Elizabeth Smart thought she only had two options when Brian David Mitchell crept into her Salt Lake City bedroom and abducted her at knifepoint in 2002.
"I thought I could stay in my bed and be killed and possibly have my family be killed or I thought I could get up and go with him," Smart said Monday. "I didn't realize I had other options."
On the steps of the Utah State Capitol on Monday, Smart said she wished she knew how to fight back and wonders if the eight alleged victims of Penn State assistant football coach Jerry Sandusky would have come forward to report sexual abuse sooner if they, too, had been encouraged to do so.
The 23-year-old Smart suggested the Penn State victims could benefited from a program Smart would like to see implemented in elementary schools called radKIDS [Resist Aggression Defensively]. The program teaches children about calling 911 and making defensive moves against attackers.
Smart on Monday implored President Barack Obama to appropriate more resources into investigating sexual abuse crimes against children.
Her remarks followed a weekend press conference held by Obama after the APEC summit in Hawaii on Sunday.
Obama said the Penn State scandal in which Sandusky is accused of sexually abusing young boys while officials including former legendary coach Joe Paterno allegedly looked the other way should serve as an example of the importance of protecting children.
Obama said when people see abuse happening, they should "step up."
Smart sent a letter to Obama on Nov. 9 asking the president to provide more funding to the Internet Crimes Against Children Task Force, which investigates sexual exploitation of children on the web. She also asked the president to declare a "national emergency" and allot resources for a "massive search and rescue operation" to help children trapped in abusive situations.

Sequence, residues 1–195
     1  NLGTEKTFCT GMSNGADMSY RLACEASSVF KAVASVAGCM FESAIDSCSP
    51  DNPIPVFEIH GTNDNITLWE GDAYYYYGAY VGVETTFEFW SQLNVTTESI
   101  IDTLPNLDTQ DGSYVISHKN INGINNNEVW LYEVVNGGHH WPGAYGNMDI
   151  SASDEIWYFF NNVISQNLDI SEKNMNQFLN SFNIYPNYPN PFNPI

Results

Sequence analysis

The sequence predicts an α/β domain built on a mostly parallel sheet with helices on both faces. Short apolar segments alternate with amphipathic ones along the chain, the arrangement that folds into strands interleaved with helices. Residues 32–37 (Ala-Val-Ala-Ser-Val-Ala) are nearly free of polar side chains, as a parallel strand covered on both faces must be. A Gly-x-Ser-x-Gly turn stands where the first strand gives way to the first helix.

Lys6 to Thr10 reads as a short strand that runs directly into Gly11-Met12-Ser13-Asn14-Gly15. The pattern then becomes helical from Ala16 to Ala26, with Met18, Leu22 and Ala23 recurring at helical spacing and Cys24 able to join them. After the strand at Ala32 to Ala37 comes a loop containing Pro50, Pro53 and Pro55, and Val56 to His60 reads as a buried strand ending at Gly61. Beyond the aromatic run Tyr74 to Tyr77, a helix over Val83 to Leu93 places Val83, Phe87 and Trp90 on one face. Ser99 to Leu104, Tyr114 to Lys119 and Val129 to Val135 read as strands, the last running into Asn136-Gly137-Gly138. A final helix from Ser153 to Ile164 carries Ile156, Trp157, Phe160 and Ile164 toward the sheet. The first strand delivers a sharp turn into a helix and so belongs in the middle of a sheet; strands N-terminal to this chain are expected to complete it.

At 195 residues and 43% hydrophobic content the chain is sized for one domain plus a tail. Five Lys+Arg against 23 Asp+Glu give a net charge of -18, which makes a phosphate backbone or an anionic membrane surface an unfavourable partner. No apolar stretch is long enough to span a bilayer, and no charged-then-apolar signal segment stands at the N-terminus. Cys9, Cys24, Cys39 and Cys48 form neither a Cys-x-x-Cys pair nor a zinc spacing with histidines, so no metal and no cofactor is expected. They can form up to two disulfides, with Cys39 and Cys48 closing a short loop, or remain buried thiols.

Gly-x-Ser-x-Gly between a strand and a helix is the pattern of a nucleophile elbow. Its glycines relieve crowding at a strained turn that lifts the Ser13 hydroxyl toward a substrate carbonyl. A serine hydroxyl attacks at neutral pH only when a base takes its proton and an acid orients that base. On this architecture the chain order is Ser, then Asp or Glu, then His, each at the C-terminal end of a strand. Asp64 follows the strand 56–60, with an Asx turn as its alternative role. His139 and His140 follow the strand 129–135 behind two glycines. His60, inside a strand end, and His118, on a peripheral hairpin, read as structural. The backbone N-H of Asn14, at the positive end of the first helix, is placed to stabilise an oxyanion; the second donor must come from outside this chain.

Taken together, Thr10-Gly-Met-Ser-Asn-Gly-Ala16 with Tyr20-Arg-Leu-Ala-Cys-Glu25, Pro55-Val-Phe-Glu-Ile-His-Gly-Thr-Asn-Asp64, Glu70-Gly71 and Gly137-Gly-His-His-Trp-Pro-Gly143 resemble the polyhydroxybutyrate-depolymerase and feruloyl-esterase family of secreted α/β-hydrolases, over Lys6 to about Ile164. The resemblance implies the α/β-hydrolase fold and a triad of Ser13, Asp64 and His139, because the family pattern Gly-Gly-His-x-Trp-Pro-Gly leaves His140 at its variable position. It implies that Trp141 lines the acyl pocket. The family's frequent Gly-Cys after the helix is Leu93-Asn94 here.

"I have tremendous compassion for the child sex abuse victims associated with the Penn State scandal and children who have been sexually abused anywhere," Smart said. "I believe the developments of the past week are an important wake up call. We as a country and our president and elected officials need to take drastic and immediate action to truly make protecting our children our number one priority."
Smart highlighted statistics from the U.S. Department of Justice that show crimes related to child pornography are growing. About a half million people are trading images of children being raped and sexually abused, yet only 2 percent of those cases are being investigated, Smart said. She said children involved in the trade are being exploited and are "waiting to be rescued," which is why she is asking Obama for the emergency declaration.
Jessica Farnsworth, commander of Utah's ICAC, praised Smart's efforts to bring attention to the need for more ICAC funding.
Farnsworth said that in 2010 ICAC handled 746 investigations and is on pace to surpass that number in 2011.
"We're desperately in need of additional resources. We can't keep up with the magnitude of cases that come into our office on a daily basis," she said. Farnsworth said changing technology adds to officers' workloads. Whereas ICAC agents might have uncovered images on a computer, they now find full-length movies. Smart phones and other devices bring new ways for pedophiles to abuse children through trading pornography, she said.